A terrible disease ravages humanity; it is contagious, and violent; it cleaves an ‘us’ from ‘them’—the monstrous infected—and pits a small and unlikely fellowship of the last-remaining into a battle for their lives and for the future. This post-apocalyptic thriller formula populates a wearying number of films from the past decade, is most impressive when the battle is not only physical but also philosophical. The Girl With All the Gifts tries for this and succeeds to a degree that marks it out from other films of the genre.
The pragmatic details—London and surrounds, a decade or so in the future, a fluid-spread fungal infection that propagates by turning the now-mindless and rabid host into a blood-crazed monster intent on savaging the healthy—are not all that important, interchangeable as they are with any other genre-bound variation. Newcomer Sennia Nanua is excellent as Melanie, an eager, bright, and deeply empathetic child who is unknowingly part of the scarcer second generation of infected “hungries”, who only become rabid when directly stimulated and otherwise retain consciousness and autonomy. Treated as an abomination by the majority of remaining “friendlies” for this reason, Melanie and her cohort are kept alive in the harshest of environments only for their potential as a scientific resource.
The film is visually strong, finding a fresh vibrance in the idea of a post-apocalyptic landscape. The crisp, and at times quite beautiful, cinematography skilfully moves between the violent and the still—Melanie has been raised in a concrete cell and now finds herself in a world she has only read about, so her perspective is an opportunity for the camera to intersperse genre-prescribed shots of stagnant decay and despair with moments of excitement and wonder at this strange, surreal environment. The powerful soundscape (courtesy of Cristobal Tapia de Veer) builds and releases tension well, but the dialogue fumbles: the dialogue trope of “quiet all of a sudden,” for example, is familiar enough when demonstrated, and really doesn’t need to be narrated by a character.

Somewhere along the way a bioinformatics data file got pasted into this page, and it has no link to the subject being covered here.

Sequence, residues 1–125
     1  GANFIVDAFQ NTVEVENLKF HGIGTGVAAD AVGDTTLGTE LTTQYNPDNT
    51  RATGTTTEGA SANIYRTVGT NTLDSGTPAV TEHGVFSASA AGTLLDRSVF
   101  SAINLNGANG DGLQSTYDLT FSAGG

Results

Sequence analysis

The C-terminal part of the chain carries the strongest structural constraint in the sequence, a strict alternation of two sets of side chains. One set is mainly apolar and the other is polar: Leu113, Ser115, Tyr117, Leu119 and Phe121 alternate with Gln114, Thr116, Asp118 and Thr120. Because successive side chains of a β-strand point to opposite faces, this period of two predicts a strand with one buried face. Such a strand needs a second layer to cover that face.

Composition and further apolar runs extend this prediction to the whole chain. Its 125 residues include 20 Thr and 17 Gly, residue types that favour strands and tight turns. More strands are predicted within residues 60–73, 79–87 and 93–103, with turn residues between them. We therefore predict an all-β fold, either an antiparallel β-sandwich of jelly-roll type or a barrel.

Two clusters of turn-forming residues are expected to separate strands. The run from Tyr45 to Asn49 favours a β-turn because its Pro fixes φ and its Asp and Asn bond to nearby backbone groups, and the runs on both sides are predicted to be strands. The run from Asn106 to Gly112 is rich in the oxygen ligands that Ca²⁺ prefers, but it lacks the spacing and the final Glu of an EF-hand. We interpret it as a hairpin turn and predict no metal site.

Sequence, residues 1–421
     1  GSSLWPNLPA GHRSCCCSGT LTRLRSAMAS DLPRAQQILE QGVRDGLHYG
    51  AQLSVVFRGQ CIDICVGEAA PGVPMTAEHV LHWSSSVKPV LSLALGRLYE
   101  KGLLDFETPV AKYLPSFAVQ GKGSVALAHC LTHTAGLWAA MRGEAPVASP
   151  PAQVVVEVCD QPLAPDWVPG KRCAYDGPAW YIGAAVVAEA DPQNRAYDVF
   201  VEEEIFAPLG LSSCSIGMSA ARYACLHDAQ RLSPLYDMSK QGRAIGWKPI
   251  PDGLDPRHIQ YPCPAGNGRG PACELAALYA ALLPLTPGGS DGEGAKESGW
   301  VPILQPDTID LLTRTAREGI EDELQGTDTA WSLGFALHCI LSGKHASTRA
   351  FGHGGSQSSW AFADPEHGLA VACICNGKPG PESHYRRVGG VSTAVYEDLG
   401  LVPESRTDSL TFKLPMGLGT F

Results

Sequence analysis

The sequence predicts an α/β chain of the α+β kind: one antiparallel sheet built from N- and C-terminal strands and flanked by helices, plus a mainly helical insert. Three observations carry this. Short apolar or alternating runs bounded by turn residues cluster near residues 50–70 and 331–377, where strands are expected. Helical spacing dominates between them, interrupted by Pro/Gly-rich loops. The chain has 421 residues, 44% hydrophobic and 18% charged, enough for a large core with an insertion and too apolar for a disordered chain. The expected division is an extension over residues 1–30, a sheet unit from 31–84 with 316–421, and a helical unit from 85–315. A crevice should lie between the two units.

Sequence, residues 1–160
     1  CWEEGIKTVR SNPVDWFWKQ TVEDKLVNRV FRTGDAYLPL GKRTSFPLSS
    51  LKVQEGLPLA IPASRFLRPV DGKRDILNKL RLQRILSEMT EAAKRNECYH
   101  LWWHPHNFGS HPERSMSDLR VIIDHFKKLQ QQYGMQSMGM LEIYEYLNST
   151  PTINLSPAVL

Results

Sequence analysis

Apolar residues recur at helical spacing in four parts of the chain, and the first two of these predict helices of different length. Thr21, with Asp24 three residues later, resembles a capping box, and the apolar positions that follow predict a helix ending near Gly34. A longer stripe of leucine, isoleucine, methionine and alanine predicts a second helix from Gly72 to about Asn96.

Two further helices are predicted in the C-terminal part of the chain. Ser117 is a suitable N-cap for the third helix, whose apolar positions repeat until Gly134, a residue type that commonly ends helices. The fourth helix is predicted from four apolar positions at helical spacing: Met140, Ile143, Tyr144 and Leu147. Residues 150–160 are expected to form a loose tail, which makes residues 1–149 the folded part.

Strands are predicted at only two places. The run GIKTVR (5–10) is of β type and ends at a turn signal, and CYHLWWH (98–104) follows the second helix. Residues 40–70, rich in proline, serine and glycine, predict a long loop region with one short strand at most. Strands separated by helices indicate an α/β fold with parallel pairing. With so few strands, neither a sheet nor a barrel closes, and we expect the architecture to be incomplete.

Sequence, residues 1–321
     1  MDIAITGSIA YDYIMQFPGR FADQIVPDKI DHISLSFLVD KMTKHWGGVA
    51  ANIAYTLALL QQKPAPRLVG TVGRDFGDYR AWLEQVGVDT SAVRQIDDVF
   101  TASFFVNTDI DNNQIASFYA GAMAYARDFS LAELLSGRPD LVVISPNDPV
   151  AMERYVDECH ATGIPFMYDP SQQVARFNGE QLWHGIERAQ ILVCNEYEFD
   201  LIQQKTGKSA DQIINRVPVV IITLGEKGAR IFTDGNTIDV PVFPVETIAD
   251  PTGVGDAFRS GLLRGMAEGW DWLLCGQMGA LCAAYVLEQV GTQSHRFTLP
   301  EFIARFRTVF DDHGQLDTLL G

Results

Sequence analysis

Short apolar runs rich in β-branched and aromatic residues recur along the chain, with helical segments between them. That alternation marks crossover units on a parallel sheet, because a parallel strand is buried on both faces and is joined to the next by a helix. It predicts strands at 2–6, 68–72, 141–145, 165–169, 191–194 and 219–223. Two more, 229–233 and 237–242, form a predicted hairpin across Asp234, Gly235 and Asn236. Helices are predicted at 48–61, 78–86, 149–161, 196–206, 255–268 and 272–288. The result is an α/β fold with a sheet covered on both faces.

Despite this, the urban scenes that dominate the latter half of the movie are taut, and capitalise on the familiar—say, a Mercedes Benz logo—to drive home the devastation. The fungal menace has ruptured society so wholly that race no longer exists, presumably: which is convenient, or we might need to look harder at why it is a black actor (Fisayo Akinade) plays the role of Kieren, the likeable but less disciplined soldier who ultimately becomes a victim to his own inability to stay clear-headed against the fog of his physical urges and dies without having achieved significant character development, while a white actor (Paddy Considine) plays Sergeant Parks, the idealised soldier whose aggressive alpha-masculinity is balanced by the virtue of being written as a semi-complex character with a sympathetic back story. It is not the dubious racing and gendering of the supporting characters alone, though, that makes them mildly cliché. They are all characters constructed from typical traits and predictable arcs, which are reasonably satisfying nonetheless. Glenn Close plays the cold-hearted and fixated scientist, Dr Caldwell, while Considine and Gemma Arterton are the initially polar Sergeant Parks and Miss Justineau (respectively the tough aggressor-turned-protector, and the compassionate teacher).